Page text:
Mirchi | Restaurant Reviews | Pittsburgh | Pittsburgh City Paper


One of the region's best Indian restaurants is tucked away in Cranberry

Navratan korma, chayote dal, chicken tikka masala with plain and garlic naan

Photo by Heather Mull

Navratan korma, chayote dal, chicken tikka masala with plain and garlic naan

It's no secret, at this point, that some of the most uniquely excellent ethnic food can be found in some of the most nondescript suburban strip malls. Low rent, plus access to recent immigrant populations more likely to cluster in suburban apartment complexes than city centers, equals pakoras and dal right next to the pizza-delivery chain.  

Emerging lately from this equation is Mirchi, serving some of the very best Indian food in the region in a slightly funky strip mall a little past the turnpike entrance. Due to a quirk of the inside corner location, you enter the dining room through a broad hallway with wood-paneled ceilings and a cushy couch; this unusual, almost ceremonial, approach immediately began to set Mirchi apart from the crowd. 

The same geometry decreed that Mirchi's dining-room windows would face the meadow behind the strip, not the parking lot and highway in front of it, a refreshing change of pace. A color scheme of sage green and chili red, accented with a few tastefully chosen artworks on the walls, completed Mirchi's casual, comfortable decor.

The menu looked great, too, and really began to get us excited for the food. While a couple pages hewed to the boilerplate list of Northern Indian restaurant standards, we also saw lots of regional specialties under the heading "Chef's Select," as well as a Southern Indian menu of crepes, pancakes and fritters made with the rice flour and lentils that are that region's staples.

Tandoori chicken - PHOTO BY HEATHER MULL

It's become common lately for Indian restaurants to have a chaat — nachos-like street snack — on their appetizer lists, but Mirchi was the first place where we've seen an offering of "chaat of the day." Since chaat is not a fixed recipe, but an almost infinitely flexible category of freshly prepared fast food, this approach makes perfect sense, as well as giving the chef — and clientele — the chance to try various ingredients and combinations. The night we dined, it was papri chaat, a brilliant combination of little puffy fried crackers tossed with bits of tomato, potato and scallion, and served in a cool yogurt sauce spiced up with chilis and drizzled with fruity chutney.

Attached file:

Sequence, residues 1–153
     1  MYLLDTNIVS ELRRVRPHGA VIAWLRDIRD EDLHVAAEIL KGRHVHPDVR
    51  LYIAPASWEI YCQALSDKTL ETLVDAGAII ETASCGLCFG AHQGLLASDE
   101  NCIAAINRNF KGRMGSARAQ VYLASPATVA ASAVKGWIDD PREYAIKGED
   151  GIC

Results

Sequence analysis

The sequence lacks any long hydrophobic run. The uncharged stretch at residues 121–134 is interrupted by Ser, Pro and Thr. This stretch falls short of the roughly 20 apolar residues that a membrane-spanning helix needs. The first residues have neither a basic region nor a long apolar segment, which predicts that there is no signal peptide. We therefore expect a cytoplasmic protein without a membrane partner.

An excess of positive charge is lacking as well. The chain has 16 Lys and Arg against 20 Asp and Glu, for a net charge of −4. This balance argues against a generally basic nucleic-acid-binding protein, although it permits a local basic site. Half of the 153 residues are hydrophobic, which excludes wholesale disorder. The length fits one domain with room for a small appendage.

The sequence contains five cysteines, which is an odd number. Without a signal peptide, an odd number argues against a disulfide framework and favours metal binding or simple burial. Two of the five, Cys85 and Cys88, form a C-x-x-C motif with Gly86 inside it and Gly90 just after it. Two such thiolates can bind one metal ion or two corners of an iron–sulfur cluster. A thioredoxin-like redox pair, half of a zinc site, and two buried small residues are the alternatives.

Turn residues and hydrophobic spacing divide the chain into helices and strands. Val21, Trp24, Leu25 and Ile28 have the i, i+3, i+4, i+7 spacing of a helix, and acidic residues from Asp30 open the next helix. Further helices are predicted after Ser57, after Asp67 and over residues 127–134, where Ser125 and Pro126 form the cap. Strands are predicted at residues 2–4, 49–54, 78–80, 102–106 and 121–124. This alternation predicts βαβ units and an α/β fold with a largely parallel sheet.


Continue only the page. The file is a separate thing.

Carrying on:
Alongside, Mirchi's Chicken 65 was not only the best version of this dish we've had; it was quite possibly the best chicken appetizer anywhere, ever. Perfectly moist and tender morsels of dark meat were just slightly crispy on their exteriors despite the absence of any coating; they'd been rendered deep vermilion from their flavorful marinade of ginger, cayenne, mustard powder and vinegar.  

From the Southern Indian menu, we also tried an idly (a fluffy, steamed cake of rice-and-lentil batter) and a vada, a deep-fried fritter of fermented black lentils. The vada was like the perfect savory doughnut, its tender interior crumb studded with flecks of fresh herbs and encased by a crisp deep-fried, but not greasy, exterior. It was delicious enough to eat without any embellishment. The idly had less of its own flavor, and lent itself to dipping in the coconut chutney and savory vegetable sambar served alongside.

When it came to entrees, Angelique chose chicken, Maharastrian style, on the advice of our knowledgeable server. The boneless chicken was as moist and supple as that in the Chicken 65, served in a thick, boldly spiced, mahogany gravy. An entire cardamom shell, cooked in the basmati rice, infused the fluffy grains with its aromatic, minty essence.

Our other two entrees, muttar paneer and lamb biryani, were classics. The muttar paneer had firm cheese anchoring the creamy sauce and plenty of big, bright peas. The latter was listed on the menu as biryani dum, indicating a technique that incorporates steaming into the process, and it was, far and away, the best biryani we've ever had in a restaurant. The rice grains were fully cooked yet firm, the flavoring was good to begin with but heightened by a deep ochre sauce meant to be poured on top. Best of all, the lamb was simply perfect, rich, moist morsels sufficient to add savor without stealing center stage. A whole hard-boiled egg added further substance. The dish was so good that Jason forgave the chili pepper hiding in the supposedly soothing raita.

Though located in the outer ring of Pittsburgh's metropolitan area, Mirchi is an almost-hidden treasure that every Indian-food lover will be richer for having found.



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